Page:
Microsoft class action suit OK'd

www.infoworld.com |  Government

WASHINGTON -- A California judge has ruled that a class-action suit filed on behalf of consumers against Microsoft can proceed to trial. The suit alleges that Microsoft's monopoly in the desktop software market harmed California consumers.

San Francisco Superior Court Judge Stuart R. Pollak late Tuesday ruled that the suit could proceed. Attorneys representing Microsoft and the plaintiffs will meet with Pollak on Oct. 4 for a status conference, but the trial will not begin until March 2002.

Richard Grossman, a lawyer with Townsend & Townsend & Crew, a San Francisco-based law firm, said millions of California consumers overpaid Microsoft, and Pollak's decision to allow the suit to go ahead is a major step toward gaining a remedy for them.

"We have not calculated the precise amount that consumers overpaid, but it's expected to be in the many hundreds of millions if not billions of [U.S.] dollars," Grossman said in a telephone interview Wednesday. The overcharge will be calculated based on intensive studies by expert economists in the antitrust field, he added.

Microsoft's Windows and MS-DOS operating systems software and the company's Word and Excel applications purchased after May 18, 1994, are the products at issue in the case.

Microsoft spokesman Jim Cullinan Wednesday said Pollak's decision was just one step in a long process.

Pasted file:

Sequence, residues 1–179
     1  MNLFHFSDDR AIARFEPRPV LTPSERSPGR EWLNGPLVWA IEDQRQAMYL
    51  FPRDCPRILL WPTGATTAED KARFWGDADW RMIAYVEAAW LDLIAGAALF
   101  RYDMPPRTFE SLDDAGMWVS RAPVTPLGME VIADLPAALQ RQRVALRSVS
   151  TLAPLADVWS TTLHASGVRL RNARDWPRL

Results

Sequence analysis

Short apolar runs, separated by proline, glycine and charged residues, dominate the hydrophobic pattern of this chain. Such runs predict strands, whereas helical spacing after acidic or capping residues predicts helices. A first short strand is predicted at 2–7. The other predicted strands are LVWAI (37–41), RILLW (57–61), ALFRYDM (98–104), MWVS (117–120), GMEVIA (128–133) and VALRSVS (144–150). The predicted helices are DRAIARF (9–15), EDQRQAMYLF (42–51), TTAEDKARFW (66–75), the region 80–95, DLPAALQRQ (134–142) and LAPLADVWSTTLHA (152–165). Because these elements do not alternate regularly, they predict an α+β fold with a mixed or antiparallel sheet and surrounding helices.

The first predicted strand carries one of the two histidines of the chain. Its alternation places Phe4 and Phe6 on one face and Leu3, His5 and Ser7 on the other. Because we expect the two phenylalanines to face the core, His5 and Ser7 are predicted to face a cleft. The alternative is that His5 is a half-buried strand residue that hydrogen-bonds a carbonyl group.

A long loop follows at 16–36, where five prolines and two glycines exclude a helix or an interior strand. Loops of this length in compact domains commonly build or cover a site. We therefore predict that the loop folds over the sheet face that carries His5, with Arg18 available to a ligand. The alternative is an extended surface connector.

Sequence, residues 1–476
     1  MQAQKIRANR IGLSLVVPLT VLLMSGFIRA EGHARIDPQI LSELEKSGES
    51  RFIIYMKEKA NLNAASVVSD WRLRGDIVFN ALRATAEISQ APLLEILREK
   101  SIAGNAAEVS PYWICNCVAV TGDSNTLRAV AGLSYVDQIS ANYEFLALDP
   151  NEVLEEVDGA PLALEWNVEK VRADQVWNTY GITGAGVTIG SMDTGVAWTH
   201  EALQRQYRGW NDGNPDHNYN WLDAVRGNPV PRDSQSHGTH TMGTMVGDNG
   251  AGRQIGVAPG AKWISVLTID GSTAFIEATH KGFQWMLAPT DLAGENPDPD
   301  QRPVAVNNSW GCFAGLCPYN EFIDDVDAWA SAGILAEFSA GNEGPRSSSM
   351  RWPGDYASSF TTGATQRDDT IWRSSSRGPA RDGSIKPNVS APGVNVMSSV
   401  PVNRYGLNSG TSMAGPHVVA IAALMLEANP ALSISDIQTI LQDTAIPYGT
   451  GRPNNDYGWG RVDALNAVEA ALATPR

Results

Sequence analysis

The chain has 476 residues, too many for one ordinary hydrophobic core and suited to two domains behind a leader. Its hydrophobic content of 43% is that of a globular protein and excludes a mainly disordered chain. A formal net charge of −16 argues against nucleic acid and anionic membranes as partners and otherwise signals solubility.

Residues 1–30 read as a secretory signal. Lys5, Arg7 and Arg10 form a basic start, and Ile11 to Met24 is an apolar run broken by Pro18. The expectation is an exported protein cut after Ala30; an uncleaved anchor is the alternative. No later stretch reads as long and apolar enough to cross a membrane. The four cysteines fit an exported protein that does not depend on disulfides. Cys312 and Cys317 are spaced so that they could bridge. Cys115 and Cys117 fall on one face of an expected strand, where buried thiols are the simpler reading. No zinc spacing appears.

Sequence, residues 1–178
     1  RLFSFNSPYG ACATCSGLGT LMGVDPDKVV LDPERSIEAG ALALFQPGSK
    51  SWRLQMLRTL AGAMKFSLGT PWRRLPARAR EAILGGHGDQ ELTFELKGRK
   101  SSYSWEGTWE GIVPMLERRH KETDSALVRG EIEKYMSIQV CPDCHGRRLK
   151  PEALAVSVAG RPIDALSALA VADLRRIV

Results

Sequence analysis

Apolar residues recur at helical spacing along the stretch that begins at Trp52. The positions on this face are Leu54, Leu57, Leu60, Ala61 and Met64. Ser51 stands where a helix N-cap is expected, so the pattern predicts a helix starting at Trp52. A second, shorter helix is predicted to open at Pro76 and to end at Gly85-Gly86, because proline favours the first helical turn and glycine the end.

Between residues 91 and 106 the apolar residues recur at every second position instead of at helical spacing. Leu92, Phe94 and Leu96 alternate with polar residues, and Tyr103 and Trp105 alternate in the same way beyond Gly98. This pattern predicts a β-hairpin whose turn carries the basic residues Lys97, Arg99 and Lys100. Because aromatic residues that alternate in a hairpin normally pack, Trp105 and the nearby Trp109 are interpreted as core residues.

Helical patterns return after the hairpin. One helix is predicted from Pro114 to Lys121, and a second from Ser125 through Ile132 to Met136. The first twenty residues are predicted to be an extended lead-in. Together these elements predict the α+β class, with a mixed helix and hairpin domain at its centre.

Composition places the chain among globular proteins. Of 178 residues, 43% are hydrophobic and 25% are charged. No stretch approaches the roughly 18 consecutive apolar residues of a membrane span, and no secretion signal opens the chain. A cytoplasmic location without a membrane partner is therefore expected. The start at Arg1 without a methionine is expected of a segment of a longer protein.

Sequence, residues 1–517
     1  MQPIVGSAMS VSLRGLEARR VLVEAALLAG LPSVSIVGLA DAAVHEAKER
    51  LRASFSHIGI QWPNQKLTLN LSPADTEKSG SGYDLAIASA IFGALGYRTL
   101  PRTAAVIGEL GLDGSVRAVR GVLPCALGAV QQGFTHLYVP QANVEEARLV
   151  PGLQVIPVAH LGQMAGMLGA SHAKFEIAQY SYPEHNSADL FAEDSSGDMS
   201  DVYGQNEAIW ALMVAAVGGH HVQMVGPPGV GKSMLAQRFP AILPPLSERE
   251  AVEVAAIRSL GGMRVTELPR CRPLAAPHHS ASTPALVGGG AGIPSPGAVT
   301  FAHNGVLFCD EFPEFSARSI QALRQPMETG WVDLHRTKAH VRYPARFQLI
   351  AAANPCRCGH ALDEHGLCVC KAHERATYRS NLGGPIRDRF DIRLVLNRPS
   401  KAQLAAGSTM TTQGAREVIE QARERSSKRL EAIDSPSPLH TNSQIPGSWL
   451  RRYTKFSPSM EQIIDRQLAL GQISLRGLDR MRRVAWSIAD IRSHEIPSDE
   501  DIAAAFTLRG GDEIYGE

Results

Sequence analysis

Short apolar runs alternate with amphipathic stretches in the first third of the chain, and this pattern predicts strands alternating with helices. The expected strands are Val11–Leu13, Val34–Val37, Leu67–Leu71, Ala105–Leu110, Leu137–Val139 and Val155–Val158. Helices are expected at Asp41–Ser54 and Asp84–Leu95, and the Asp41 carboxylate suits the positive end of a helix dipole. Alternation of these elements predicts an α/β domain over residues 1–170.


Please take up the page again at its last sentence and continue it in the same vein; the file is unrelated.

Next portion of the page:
"Given California law, yesterday's ruling was not unexpected," Cullinan said. "The ruling focuses not on the merits [of the case] but on the issue of class certification. We believe when you look at the merits, the actions that have been challenged will be seen as having been good for consumers."

Cullinan also noted that the case has been filed by plaintiff attorneys, not consumers themselves.

More than 130 private, class-action antitrust suits have been filed across the U.S. against Microsoft, all seeking damages from the company for what the plaintiffs claim are inflated prices charged for its products.

Earlier this month, Microsoft filed a motion for the U.S. District Court for the District of Maryland to dismiss more than half of 62 private, class-action antitrust lawsuits that have been consolidated and placed under the court's review.

Judges elsewhere in the United States have already dismissed a number of private antitrust lawsuits against Microsoft in U.S. states, including Oregon and Nevada.

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